How to buy Bitcoin responsibly
I am not opposed to ever owning Bitcoin or other cryptocurrencies. To clarify: it’s certainly possible that purchasing Bitcoin could be a successful financial move. But I am cautioning that those who purchase this should understand exactly what they’re getting into. If for some reason you decide to go ahead with it, here are some thoughts on how to go about this responsibly:
- Understand the purpose for these dollars. Never invest without understanding your goal for the money involved. Attaching a purpose to each dollar helps you avoid taking more risks than reasonable. For instance, is this money part of your cash reserves? If so, the volatility of cryptocurrency would mean you might have a lot less than needed in an emergency. This is no different than when deciding how to invest any other balance. However, I believe any money you invest in crypto should be considered “fun money”, without another specific objective.
- Never buy more than you can afford to lose. Most buying cryptocurrency are not actually investing – they’re speculating. Understanding the difference between investing and speculating is critical to being realistic about your possibilities and risks. Speculating with crypto is just like speculating in the housing market or precious metals. You’re buying an asset hoping someone else will want to pay even more for it. Hope is not a good strategy to risk dollars critical to your long-term success.
- What’s your plan? When do you hope to sell your cryptocurrency? Do you want to own it forever, or are there upper or lower price limits that would change your mind? Answering these questions ahead of time can help you avoid making emotional mistakes in the middle of a market event.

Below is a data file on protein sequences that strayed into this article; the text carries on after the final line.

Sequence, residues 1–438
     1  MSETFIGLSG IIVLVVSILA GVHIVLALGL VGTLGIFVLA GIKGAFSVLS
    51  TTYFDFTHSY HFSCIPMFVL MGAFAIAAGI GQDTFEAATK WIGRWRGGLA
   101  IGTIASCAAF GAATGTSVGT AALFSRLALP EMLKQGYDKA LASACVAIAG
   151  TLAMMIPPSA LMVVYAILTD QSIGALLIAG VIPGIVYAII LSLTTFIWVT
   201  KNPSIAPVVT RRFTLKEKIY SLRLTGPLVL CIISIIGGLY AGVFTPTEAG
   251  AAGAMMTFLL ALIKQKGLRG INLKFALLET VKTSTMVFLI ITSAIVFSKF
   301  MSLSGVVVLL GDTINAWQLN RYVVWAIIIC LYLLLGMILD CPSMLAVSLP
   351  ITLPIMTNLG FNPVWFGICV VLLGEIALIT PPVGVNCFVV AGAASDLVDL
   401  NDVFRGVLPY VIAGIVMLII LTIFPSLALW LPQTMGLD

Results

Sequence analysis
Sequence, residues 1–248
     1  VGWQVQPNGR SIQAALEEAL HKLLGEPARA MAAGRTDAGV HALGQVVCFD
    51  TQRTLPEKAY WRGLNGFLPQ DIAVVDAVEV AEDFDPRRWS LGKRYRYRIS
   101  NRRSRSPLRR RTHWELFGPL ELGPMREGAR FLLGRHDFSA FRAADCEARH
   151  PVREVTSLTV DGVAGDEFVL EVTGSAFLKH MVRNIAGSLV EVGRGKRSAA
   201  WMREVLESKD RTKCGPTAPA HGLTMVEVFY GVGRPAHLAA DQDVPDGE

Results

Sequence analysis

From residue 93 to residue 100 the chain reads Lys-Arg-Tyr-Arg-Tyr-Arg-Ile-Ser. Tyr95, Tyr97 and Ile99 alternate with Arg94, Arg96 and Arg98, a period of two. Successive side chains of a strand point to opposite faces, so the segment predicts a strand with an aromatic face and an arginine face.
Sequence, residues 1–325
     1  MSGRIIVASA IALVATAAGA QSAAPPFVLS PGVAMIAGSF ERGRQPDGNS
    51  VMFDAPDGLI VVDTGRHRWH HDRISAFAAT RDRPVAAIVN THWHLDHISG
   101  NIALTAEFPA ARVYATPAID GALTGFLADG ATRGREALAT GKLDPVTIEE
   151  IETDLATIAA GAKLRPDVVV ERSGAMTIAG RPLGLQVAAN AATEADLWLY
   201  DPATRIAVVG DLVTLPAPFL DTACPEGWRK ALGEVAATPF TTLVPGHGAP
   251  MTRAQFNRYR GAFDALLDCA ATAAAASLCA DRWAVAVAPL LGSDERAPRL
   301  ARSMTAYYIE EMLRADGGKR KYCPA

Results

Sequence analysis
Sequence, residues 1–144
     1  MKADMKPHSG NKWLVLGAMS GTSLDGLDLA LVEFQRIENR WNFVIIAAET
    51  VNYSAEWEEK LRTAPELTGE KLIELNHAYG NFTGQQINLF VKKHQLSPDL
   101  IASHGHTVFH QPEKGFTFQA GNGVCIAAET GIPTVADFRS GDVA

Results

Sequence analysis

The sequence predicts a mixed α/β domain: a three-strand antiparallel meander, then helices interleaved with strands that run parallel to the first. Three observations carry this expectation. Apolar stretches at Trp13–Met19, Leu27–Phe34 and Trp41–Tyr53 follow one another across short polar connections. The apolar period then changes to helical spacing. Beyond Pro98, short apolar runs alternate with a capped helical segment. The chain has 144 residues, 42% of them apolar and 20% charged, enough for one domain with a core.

- Use a trusted platform – and don’t lose your password. If you do decide to go forward with buying cryptocurrency, there are a myriad of methods… and just as many mistakes you could make. An error could mean making yourself vulnerable to hacking or locking yourself out of your money. If you don’t know the difference between a hot wallet and a cold wallet, proceed with caution and research carefully.
- Understand the consequences of selling. If you do make money trading Bitcoin, don’t forget that those gains are taxable. Keep track of trades so you know your basis and total profits. With the IRS becoming more aggressive in its search for cryptocurrency traders, reporting those gains on your tax return will be critical to avoiding audits or worse.
It’s important to consider both the possible risks and rewards of buying Bitcoin when deciding if it’s the right choice for you. If you aren’t sure which way to go and would like more advice, we’re here to help! Talk to one of our Wealth Advisors about your goals and to create a personalized plan.< Back to Updates